Last edited by Hunt'EmUp; 05-19-2014 at 01:28 PM.
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  4. #4
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    My girl developed LP at about 13. Opted not to do the surgery. Heat and cold make it more difficult for them to breathe so you need to worry about cold temps too. AC, only out long enough to potty. Kept pred on hand to give when her breathing was labored. She was three months shy of 17 when her back end went out on her and we put her down.

    Exercise won't help the nerve damage. It will progress no matter what you do.

    I did use a harness to help steady her and assist her walking when needed. I would hold onto the top of the harness to take some of the weight/exertion off of her.

    Meredith

  5. #5

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    Unfortunately, as most of the above posts indicate, whether you have LP surgery or not, the real enemy is often the common accompanying hind end neuropathy. Our Dancer had the surgery at 13, and like many dogs, had a great recovery: no LP issues, unbelievably healthy for an old lady, but the rear end went on her & in less than 2 years we had to put her down.

    With the FCE to boot, I expect that will be your biggest concern. Do all you can to keep your old lady comfortable and feeling good about life; it's very hard to see them lose control of the rear end. I haven't done any research lately, but I would hope that there is as much progress on finding a good cure/treatment for that neuropathy as for the LP issue.

    Good luck and enjoy her.

  6. #6
    Senior Member Chuck Ward's Avatar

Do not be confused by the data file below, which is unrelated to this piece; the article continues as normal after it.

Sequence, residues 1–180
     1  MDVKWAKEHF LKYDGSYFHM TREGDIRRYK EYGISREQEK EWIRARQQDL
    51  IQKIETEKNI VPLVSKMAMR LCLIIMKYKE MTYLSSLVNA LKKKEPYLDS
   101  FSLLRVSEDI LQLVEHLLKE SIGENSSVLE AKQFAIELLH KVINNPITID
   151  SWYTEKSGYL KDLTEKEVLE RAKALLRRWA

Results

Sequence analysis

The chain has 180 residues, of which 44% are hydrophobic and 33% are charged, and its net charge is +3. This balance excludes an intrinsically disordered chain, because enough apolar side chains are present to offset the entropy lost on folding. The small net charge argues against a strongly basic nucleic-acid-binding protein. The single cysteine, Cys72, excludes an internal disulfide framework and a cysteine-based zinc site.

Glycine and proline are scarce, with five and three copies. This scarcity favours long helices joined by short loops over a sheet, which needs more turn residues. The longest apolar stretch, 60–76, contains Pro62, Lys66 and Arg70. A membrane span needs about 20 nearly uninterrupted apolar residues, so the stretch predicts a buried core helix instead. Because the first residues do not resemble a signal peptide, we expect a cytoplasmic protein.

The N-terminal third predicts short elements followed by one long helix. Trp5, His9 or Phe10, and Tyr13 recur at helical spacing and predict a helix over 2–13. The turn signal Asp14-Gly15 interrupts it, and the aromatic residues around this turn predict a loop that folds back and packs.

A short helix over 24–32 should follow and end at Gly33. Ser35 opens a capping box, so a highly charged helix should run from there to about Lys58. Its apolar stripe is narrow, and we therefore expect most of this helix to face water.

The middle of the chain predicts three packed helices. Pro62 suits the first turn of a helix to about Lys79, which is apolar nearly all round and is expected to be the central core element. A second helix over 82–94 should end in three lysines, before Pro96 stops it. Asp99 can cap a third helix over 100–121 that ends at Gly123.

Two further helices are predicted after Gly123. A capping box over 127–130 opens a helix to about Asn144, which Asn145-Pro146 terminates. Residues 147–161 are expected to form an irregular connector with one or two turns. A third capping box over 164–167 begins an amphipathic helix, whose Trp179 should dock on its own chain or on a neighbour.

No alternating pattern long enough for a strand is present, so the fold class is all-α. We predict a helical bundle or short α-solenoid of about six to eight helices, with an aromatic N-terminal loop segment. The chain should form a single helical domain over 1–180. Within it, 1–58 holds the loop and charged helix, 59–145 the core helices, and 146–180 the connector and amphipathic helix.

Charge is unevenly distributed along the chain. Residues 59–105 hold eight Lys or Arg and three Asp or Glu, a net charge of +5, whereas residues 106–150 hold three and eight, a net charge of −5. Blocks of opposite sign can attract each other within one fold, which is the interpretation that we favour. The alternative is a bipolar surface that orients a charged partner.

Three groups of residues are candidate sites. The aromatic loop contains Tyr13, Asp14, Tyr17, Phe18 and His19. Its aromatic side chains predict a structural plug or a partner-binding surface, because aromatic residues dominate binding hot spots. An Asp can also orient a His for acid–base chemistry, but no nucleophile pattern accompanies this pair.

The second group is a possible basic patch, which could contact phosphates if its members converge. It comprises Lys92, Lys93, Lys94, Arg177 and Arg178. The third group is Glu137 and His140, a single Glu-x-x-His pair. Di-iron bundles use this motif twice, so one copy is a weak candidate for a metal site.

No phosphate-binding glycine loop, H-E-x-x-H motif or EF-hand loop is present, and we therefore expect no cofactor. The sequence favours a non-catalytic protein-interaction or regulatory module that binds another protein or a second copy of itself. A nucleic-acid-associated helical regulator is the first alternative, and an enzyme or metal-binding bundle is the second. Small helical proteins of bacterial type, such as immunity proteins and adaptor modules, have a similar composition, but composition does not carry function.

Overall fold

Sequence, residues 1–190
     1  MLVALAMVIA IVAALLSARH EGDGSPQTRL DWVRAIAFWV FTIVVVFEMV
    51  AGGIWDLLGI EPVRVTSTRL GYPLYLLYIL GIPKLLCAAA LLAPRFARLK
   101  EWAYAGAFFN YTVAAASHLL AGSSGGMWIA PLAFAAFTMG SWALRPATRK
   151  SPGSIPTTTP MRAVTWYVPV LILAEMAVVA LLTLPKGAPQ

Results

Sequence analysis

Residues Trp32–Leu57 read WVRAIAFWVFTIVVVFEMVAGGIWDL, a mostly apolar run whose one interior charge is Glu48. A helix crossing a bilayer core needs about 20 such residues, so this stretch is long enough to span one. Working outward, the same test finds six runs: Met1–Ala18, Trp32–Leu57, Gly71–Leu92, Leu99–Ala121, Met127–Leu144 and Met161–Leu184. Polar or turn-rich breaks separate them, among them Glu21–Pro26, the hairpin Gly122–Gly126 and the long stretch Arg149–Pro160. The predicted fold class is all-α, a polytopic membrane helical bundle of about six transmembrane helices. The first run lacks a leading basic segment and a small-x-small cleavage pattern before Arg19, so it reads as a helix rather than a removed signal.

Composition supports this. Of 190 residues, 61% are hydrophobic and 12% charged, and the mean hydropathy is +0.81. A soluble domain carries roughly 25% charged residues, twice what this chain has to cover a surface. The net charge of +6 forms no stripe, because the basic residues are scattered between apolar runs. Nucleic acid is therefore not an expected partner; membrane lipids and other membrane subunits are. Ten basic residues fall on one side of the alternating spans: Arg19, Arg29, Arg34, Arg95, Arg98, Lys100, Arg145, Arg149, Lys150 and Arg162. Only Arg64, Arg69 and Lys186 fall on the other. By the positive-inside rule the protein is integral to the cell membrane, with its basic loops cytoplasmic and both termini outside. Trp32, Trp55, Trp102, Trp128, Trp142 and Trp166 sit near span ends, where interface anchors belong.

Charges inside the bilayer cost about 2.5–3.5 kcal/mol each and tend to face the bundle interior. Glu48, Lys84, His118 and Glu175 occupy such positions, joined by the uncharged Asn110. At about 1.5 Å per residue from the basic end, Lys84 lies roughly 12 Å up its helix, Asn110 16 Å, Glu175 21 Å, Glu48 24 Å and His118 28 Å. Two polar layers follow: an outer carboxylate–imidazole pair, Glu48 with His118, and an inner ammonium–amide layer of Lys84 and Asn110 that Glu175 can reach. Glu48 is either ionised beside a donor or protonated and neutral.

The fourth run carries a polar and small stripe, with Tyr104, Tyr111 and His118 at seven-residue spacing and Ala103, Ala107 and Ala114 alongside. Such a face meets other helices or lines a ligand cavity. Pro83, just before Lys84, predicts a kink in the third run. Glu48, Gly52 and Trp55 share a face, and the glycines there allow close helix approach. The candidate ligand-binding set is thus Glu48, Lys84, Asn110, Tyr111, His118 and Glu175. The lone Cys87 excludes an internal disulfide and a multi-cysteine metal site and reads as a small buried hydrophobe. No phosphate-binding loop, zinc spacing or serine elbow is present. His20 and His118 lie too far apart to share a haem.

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    I think the biggest thing I have done for Murphy is be vigilant at all times of the year. No direct sunlight unless he wants it, which is generally in the spring and fall when it's cool, with a place to escape to shade. My kennel is on the north side of my home and allows for both sun and shade and is on a cement pad (cool). If it is really hot he stays inside in AC. His LP was cause for his first heat stroke on a 62 degree day in April, 3 maybe 4 years ago, playing with a beagle at a local dog park. Winter time all my dogs stay inside. I give lots of loving, let him do what he enjoys and encourage those things. Let him tell me by his actions when he's had enough. I do not let him overexert himself. This last Saturday all 5 of my dogs were along for training, Murphy got 6 bumpers thrown from 30 to 50 feet to start the session, he headed for the back of the truck for water and his kennel. We brought 10 dogs, ran 7 different dogs varying from 5 1/2 months to 6 1/2 years, from first intro to a bird, to junior marks, double senior marks & blind, to difficult double side hill marks for master, to 300yd+ qual marks. Six different set ups with 3 of us. Murphy started the sessions, got to run with the dogs airing for lunch, 4 hand thrown pheasant retrieves after lunch and he ended the session with four more hand thrown pheasant retrieves. He was there all day in and out of his kennel, enjoying all the sights, sounds and smell he loves. I don't baby him but I am ever watchful and aware. For awhile (maybe a year+) before the LP surgery and 3+ months afterward I restricted his physical activity, he really was not happy. I'm back to letting him be a dog & he's back living life and enjoying it! All 14 years and 5 months!